A fairly standard feature in any well built public safety system is the ability for the dispatcher to hear a transmitting field unit when he/she is transmitting. The repeaters in this situation aren't a repeater in the standard meaning - when the dispatcher is transmitting, the receiver can still receive field unit audio and feed it to the dispatcher's earpiece.

Likewise, the reverse is also the case - a dispatcher can interrupt a field unit that is transmitting. IIRC it is called Dispatcher Preemption.

To design a sytem where that isn't possible is fairly irresponsible. Heck, a VHF conventional system that's been on the air since the last 70's near me is capable of it.
 

WA0CBW

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What exkalibur is describing requires wireline control from the dispatcher to the repeater. The audio from the repeater receiver is brought back to the dispatch position by wireline, microwave, Voip, or whatever. This allows the dispatcher to hear the mobile units while talking (a repeater is duplex). The dispatcher audio can be configured to overide the repeater receiver audio thus giving priority to the dispatcher.

Many dispatch configurations use control stations to get to the repeater. Control station operation is just like any of the other users of the repeater. The strongest station wins (the capture effect) so there really isn't any dispatcher priority in these systems.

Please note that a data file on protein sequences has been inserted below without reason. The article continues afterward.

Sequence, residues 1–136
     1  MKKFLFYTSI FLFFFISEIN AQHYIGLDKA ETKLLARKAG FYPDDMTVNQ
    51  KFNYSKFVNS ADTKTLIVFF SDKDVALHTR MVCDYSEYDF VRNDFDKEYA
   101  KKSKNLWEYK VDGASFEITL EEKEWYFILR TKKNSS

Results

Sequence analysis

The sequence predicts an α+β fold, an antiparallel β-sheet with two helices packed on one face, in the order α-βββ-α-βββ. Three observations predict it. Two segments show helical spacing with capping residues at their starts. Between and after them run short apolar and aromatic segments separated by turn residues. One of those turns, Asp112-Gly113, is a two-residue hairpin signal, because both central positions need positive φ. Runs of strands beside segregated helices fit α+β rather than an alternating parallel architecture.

Systems that use base stations can't be configured to hear and talk at the same time as the transmitter and receiver are on the same frequency and the receiver is muted in the transmit mode.

BB
 

SCPD

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In your example, the dispatcher has the luxury (and challenge) of being able to hear multiple conversations at once. I see no issue in this scenario. Worst case is a simple "Say again". However, as WA0CBW alludes to, the dispatch console may be just a radio tied to computer. Their abilities are essentially the same as other radios on the system. Many backup dispatch centers are just that.

Allowing someone to preempt where they can only talk or listen is a bad thing. I think the emergency button is a more than adequate attention-getter.

Sorry folks, I just remembered this is an MDC1200 discussion.